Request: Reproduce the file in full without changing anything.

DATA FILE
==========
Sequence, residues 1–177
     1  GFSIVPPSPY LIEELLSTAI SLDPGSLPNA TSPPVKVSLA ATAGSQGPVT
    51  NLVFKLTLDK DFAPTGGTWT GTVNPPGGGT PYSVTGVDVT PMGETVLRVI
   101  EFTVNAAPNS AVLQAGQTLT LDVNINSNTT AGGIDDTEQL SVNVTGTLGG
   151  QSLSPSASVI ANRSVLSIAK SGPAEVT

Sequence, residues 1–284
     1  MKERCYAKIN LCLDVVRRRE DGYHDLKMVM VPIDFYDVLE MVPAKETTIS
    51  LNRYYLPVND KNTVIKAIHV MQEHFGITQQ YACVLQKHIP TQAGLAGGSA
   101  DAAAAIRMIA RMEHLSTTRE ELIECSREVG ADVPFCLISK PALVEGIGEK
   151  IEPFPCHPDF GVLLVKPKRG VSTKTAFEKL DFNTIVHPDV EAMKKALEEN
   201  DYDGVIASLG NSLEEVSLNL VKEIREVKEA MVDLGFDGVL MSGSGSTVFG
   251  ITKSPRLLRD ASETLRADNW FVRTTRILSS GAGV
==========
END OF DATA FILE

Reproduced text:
Sequence, residues 1–177
     1  GFSIVPPSPY LIEELLSTAI SLDPGSLPNA TSPPVKVSLA ATAGSQGPVT
    51  NLVFKLTLDK DFAPTGGTWT GTVNPPGGGT PYSVTGVDVT PMGETVLRVI
   101  EFTVNAAPNS AVLQAGQTLT LDVNINSNTT AGGIDDTEQL SVNVTGTLGG
   151  QSLSPSASVI ANRSVLSIAK SGPAEVT

Sequence, residues 1–284
     1  MKERCYAKIN LCLDVVRRRE DGYHDLKMVM VPIDFYDVLE MVPAKETTIS
    51  LNRYYLPVND KNTVIKAIHV MQEHFGITQQ YACVLQKHIP TQAGLAGGSA
   101  DAAAAIRMIA RMEHLSTTRE ELIECSREVG ADVPFCLISK PALVEGIGEK
   151  IEPFPCHPDF GVLLVKPKRG VSTKTAFEKL DFNTIVHPDV EAMKKALEEN
   201  DYDGVIASLG NSLEEVSLNL VKEIREVKEA MVDLGFDGVL MSGSGSTVFG
   251  ITKSPRLLRD ASETLRADNW FVRTTRILSS GAGV